School Committee members rated the panel’s community engagement as weak or in need of improvement, with the School Committee at the Wednesday, Sept. 30 meeting during discussions about the issue.
“I think it’s poor,” Superintendent of Schools Jeffrey Szymaniak said of the committee’s track record. “I don’t think these meetings allow engagement of the community unless it’s a hot topic. I would like to see it better.”
Vice Chairman Christopher Scriven said he doesn’t know what more the committee does to engage the community other than posting the meeting.
Chairman Bob Hayes was unable to attend due to a prior commitment and Committee member Fred Small participated in the meeting remotely via telephone.
“I understand that there’s got to be more than just community involvement for the stakeholders,” said committee member Steven Bois.
“We have to get more information out to the people when they need it,” agreed member Dan Cullity. “We have to start educating them much better. …Sometimes it falls on deaf ears with some groups out there.”
Member Fred Small suggested structured time within meetings to answer questions that citizens submit could help get people more involved. Members Dawn Byers and Hillary Kniffen termed the effort ineffective and member Michael Jones graded it weak.
Member Christopher Howard,, who led that discussion agreed.
“We have limited participants and it was even worse pre-COVID, as we would only have a handful of people attend the meeting,” Howard said. “It’s not their problem to fix, it’s ours.”
Howard asked each committee members to list three ways the committee could improve engagement.
Committee member David Forth suggested establishing a community relations subcommittee, or use of a Zoom session through which community members could dial in and ask questions as well as liaisons to PTOs and a student advisory council.
Scriven favors a subcommittee approach, but wanted members to submit ideas for that by the next meeting at 7 p.m., Wednesday, Oct. 21.
Forth and Jones also liked the idea of pop-up meetings, and social media efforts as well as shortening meetings.
While she said a public comment opportunity “needs to happen,” Kniff said a Zoom call might not be the most effective avenue for it. She said being visible in the community might be more effective and liked Jones’ idea of appointing a point person for social media.
Szymaniak said the Zoom call for public comment could potentially be in place by the next committee meeting. Cullity said the chairman controls that aspect of the agenda in any case.
“Yes, people are going to be out on social media and they’re going to have their own opinions, but we can state the facts,” Byers said. “It’s best if you can point them right back to a district documents and then turn off those comments and notifications and just leave it there.”
Byers also suggested School Committee members could attend PTO meetings as “ears” and report back on things PTO members wish to tell them.
Szymaniak said the public comment idea gives an opportunity to speak at a specific point in a meeting, with people sometimes required to sign in as guests to do so ahead of time, which can also give the opportunity for members to research their question. He also found value in attending PTO meetings and having a public relations professional to direct a social media effort. He also suggested committee members should feel free to use the “Principally Speaking” column space allotted to the School District in the Whitman-Hanson Express as a way to communicate directly with residents.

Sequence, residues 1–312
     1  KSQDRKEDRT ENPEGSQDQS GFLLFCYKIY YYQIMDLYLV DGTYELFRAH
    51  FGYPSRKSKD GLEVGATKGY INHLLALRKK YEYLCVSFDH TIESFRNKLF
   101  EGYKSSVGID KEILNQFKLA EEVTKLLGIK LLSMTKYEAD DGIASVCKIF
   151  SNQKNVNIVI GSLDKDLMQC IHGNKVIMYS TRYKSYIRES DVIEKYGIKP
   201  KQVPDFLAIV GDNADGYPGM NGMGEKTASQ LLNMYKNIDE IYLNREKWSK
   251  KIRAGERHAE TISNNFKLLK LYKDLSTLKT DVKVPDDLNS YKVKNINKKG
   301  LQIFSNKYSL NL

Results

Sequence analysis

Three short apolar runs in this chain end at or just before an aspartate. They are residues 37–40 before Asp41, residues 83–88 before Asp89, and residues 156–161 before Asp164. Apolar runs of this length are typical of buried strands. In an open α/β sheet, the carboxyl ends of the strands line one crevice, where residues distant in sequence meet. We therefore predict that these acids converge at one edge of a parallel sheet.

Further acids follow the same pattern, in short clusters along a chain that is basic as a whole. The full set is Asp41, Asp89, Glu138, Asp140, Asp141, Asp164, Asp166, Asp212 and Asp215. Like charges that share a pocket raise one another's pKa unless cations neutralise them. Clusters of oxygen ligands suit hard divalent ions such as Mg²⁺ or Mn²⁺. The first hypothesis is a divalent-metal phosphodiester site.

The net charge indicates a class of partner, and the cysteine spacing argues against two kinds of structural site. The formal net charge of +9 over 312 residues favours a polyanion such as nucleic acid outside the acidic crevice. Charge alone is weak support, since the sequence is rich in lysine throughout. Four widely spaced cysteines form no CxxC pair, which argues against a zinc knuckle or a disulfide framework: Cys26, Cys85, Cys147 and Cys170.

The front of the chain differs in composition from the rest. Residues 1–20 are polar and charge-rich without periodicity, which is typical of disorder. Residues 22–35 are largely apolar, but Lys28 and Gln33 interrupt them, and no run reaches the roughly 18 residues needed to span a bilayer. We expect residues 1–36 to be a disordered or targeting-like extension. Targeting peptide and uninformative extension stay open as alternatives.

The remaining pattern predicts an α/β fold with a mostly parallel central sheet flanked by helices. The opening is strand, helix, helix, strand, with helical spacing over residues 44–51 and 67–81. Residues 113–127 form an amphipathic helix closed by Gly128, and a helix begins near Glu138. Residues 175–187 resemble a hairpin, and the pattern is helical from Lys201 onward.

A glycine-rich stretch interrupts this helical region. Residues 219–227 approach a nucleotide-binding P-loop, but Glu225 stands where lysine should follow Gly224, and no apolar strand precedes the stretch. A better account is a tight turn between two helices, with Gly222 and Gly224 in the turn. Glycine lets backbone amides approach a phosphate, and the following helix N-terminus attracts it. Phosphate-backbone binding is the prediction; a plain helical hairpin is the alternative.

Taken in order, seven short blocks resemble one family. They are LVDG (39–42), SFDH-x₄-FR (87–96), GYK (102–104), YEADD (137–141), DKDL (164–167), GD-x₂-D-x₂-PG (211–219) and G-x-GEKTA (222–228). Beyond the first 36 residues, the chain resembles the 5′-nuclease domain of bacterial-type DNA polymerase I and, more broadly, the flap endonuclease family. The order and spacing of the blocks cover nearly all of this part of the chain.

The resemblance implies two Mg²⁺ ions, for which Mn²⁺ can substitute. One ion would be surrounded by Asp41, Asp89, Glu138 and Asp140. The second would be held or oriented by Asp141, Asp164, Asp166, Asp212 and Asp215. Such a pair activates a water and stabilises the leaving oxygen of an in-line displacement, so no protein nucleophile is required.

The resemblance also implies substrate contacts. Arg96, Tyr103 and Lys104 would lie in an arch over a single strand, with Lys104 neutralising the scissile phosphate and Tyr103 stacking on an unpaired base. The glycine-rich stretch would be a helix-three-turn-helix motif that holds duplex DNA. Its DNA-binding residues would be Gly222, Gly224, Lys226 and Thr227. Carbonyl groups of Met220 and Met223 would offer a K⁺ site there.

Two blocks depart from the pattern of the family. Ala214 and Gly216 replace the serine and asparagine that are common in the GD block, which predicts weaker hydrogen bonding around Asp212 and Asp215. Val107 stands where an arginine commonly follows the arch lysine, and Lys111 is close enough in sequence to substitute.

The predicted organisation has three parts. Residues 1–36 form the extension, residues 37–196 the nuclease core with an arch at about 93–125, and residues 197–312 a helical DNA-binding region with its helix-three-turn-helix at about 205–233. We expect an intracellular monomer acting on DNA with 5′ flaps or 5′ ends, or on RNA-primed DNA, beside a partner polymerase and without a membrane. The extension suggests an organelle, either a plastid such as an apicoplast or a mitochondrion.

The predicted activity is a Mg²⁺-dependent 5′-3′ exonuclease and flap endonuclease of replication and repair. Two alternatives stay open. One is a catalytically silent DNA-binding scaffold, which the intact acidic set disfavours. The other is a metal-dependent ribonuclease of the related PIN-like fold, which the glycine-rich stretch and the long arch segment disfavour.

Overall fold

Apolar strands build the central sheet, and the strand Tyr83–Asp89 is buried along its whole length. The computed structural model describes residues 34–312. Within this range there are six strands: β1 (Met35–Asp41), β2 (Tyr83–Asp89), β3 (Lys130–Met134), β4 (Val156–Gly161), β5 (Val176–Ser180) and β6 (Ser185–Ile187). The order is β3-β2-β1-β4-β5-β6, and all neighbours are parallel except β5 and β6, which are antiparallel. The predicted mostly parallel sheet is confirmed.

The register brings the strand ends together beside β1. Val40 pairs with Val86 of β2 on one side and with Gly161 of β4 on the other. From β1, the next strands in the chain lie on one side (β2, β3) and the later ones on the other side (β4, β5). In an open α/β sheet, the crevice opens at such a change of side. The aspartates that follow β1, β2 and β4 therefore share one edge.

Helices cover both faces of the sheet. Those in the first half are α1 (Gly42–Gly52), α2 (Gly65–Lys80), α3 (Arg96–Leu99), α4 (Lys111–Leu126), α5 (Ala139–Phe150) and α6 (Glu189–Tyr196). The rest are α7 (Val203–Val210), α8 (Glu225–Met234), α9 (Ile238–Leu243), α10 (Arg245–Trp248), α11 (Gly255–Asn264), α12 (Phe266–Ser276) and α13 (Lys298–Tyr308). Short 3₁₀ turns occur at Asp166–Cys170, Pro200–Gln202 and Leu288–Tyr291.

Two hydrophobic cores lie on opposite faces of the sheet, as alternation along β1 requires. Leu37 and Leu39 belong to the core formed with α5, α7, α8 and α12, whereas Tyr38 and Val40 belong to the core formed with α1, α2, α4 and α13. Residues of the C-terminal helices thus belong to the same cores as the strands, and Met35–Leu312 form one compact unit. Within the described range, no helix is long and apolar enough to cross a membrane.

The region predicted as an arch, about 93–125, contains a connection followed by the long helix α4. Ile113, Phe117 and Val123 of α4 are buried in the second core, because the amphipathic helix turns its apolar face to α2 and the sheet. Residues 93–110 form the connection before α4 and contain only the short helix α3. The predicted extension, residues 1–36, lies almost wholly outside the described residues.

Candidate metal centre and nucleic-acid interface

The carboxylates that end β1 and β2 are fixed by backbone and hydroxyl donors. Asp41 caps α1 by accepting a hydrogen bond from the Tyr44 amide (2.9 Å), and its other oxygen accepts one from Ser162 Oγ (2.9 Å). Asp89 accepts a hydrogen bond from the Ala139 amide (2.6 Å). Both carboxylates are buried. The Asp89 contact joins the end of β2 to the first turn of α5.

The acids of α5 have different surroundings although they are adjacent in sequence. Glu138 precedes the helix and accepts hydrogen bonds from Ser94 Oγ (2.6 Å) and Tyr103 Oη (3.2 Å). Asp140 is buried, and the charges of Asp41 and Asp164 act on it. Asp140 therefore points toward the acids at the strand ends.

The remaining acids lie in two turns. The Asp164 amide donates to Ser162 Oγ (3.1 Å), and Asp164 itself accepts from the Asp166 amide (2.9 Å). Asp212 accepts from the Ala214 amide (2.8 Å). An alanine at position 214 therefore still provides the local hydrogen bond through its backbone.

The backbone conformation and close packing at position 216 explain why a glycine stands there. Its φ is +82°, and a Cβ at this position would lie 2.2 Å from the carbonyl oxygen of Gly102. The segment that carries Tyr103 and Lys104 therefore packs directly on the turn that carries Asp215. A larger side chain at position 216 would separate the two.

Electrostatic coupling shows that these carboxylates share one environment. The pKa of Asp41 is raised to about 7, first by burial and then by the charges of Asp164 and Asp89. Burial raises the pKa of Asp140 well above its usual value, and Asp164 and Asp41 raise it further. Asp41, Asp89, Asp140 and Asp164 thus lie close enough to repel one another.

The Mass. Association of School Committees does not permit committees to operate Facebook pages.
“I never want to engage in any argumentative or controversial [discussions] or I never speak on behalf of the committee on social media — just giving our effective information,” Byers said, noting she has had informational posts removed from community Facebook pages in the past.
Both Kniffen and Forth said they use personal Facebook pages to post factual information and meeting recaps about School Committee activity, which are permitted by the MASC, and not opinions. Small voiced concern that such recaps are more akin to non-approved draft minutes. Forth said he ran his intention to recap by MASC, but Kniffen suggested that Forth go into a bit less detail to address Small’s concerns.
Bois agreed that her posts have been effective in getting the facts before the community.
Howard said timeliness is a problem with social media. If one is not on it all the time, one could miss a timely opportunity to correct errors or misinformation.
“I’m an admitted dinosaur when it comes to social media,” Scriven said. I don’t engage in it — hardly ever. … From my perspective it presents more challenges than [benefits].”
He argued it is especially true for a school committee, which is bound by policies and restrictions.
“I think it’s important for us to speak with one voice as a committee, and not have the off shoots,” Scriven said. “I don’t know what that looks like. I just have those concerns.”
During the three-hour meeting, committee members also pointed to the length of meetings as a turn-off for residents who might otherwise attend.